Greening Airports - Iowa Airport to Plant Prairie Grasses to Improve Water Quality

Author: 
Pamela Porter
Newsletter Issue: 
June 2015

Sign for The Eastern Iowa Airport in Cedar Rapids
photo credit: Travelin’ librarian. FlickR.

CenUSA Bioenergy’s vision of more perennial grasses in the agricultural landscape has a new partner – airports. The Eastern Iowa Airport, located in Cedar Rapids owns more than 2,000 acres of farmland, making it one of Linn County’s largest landowners. In the past, the airport’s land was leased to farmers and planted to corn and soybeans. However nutrients linked to row crop production are chiefly responsible for water pollution and the airport wants to have a more positive and sustainable impact on the environment, while still generating revenue.

“We’re one of the largest farmland owners in the county and nutrient runoff is a big deal, said Heather Wilson, Director of Marketing and Communications for the Eastern Iowa Airport. “We’re located at the top of the Cedar and Iowa River watersheds and we wanted to be good stewards to those that live down river from us.”

Row crops like corn and soybeans are susceptible to water runoff and are “leaky” from a nutrient standpoint. They require annual planting, have wide crop rows, and typically use high rates of fertilizer and tillage. Also, much of the soil in a cornfield has limited cover for more than half the year leaving it susceptible to erosion. Perennial grasses need only minimal tillage when planted and have an extensive root system that builds soil and traps nutrients contributing a conservation role in the agricultural landscape.

This summer the Eastern Iowa Airport managers will be working with scientists at Iowa State University to test the use of perennial grasses on water quality. Five years of research has shown that converting just 10% of row crop fields to perennial prairie grass strips reduced runoff water nitrogen by 84% and phosphorus by 89%. The airport will plant prairie STRIPS (Science-based Trials of Rowcrops Integrated with Prairie Strips) on a 100-acre section of land. The land will be divided into a test field and a control field with measurement tools put in place to test the outflow from both fields. Approximately 10 percent of the test field will be planted with native prairie strips.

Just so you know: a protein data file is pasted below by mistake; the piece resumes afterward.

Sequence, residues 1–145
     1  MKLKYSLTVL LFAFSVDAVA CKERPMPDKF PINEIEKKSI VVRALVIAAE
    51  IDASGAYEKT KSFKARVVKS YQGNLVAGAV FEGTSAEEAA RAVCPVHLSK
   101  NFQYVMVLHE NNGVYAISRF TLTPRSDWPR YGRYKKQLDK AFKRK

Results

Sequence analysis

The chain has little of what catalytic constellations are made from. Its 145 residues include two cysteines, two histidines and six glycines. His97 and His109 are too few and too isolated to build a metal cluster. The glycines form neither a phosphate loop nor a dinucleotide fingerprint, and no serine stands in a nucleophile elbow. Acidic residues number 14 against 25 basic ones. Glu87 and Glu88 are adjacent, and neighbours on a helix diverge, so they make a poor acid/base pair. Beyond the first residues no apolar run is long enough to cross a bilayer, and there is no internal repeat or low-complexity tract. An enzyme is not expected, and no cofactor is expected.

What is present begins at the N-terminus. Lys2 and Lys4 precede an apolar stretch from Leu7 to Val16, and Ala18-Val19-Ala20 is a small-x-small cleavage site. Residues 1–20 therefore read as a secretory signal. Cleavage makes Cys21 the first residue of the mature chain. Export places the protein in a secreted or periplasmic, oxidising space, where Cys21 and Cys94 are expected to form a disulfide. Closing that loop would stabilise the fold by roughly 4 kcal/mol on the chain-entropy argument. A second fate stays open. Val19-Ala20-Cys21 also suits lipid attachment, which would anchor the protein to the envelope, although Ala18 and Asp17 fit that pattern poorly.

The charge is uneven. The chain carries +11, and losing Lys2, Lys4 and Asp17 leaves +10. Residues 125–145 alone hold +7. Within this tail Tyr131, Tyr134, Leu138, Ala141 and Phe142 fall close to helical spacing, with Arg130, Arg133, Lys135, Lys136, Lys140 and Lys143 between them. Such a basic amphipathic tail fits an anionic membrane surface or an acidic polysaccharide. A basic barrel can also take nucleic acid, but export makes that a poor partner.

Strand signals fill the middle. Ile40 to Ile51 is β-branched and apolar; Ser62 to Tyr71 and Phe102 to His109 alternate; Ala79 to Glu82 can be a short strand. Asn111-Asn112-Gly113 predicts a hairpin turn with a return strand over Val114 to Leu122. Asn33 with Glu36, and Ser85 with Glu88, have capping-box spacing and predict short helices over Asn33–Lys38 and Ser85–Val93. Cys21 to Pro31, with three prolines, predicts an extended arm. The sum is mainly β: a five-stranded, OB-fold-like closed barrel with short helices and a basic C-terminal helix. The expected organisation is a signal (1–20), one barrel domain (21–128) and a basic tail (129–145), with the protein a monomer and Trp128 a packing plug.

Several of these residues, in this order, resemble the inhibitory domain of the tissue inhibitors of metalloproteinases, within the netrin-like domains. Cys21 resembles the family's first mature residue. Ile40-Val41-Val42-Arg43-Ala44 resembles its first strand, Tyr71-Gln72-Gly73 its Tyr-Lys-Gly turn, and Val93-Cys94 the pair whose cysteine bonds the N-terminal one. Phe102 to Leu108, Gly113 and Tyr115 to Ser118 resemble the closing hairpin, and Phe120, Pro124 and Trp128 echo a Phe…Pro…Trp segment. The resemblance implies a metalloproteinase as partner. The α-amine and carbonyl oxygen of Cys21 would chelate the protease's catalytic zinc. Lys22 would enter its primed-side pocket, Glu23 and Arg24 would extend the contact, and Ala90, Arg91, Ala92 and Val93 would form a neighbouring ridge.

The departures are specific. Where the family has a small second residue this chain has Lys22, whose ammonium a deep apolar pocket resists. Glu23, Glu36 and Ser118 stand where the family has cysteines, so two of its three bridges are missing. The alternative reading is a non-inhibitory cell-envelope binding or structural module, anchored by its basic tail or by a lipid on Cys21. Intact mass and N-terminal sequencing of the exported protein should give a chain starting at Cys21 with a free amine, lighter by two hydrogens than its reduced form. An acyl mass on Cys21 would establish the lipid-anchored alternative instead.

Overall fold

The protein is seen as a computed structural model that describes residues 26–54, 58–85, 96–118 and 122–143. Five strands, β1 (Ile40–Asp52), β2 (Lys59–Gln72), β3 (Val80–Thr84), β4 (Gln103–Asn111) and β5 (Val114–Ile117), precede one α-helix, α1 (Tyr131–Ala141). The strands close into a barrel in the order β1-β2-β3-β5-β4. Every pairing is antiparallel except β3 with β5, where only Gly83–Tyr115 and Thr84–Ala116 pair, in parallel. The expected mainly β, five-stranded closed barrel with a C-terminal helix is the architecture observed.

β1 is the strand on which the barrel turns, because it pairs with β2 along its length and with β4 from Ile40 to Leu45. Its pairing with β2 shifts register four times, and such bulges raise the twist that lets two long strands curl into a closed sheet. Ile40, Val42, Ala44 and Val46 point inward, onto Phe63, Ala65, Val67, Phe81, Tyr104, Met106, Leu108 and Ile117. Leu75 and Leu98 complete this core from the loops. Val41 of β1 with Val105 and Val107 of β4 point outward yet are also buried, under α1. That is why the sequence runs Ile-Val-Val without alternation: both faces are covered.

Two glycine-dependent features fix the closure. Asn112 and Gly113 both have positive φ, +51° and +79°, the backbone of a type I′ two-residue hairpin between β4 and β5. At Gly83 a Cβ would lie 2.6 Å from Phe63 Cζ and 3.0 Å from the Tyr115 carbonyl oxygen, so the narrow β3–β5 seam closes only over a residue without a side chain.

The airport will also convert 63.6 acres of low-performing farmland to miscanthus, a high yielding perennial grass and important bioenergy crop. The University of Iowa has a goal of producing 40% of its energy from renewable sources and both the prairie strips and the miscanthus will be harvested and used at the University of Iowa power plant in Iowa City as a source of renewable biofuel. Miscanthus is an excellent conservation crop as its root system holds soil and grows well in poor conditions.

CenUSA’s Project Director, Ken Moore sees the airport project as an opportunity to encourage public agencies to consider leasing their lands for grasses rather than row crops.

“Growing perennials in strategic locations within the landscape is one of the most effective ways of reducing movement of sediment and nutrients to waterways, said Moore. “The Eastern Iowa Airport is demonstrating leadership in using the STRIPS approach. The practice can intercept a remarkable amount of nutrients. I hope other airports who have extensive land holdings will follow suit.”

The City of Cedar Rapids, located down river from the airport will be one of the project benefactors.

“These projects fit well with the overall efforts the City of Cedar Rapids is taking in improving water quality,” Said Ron Corbett, Cedar Rapids Mayor. “The airport projects address our responsibility to those communities further down the Cedar and Iowa Rivers. The state of Iowa has implemented the Iowa Nutrient Reduction Strategy requiring a 45 percent reduction in nitrate and phosphorus coming out of Iowa. We all have to work together to accomplish that goal.”

Bird's eye view of Eastern County Airport
The Eastern County Airport, owned by the City of Cedar Rapids, 
has more than 2,000 acres of farmland making it one of Linn 
County’s largest landowners.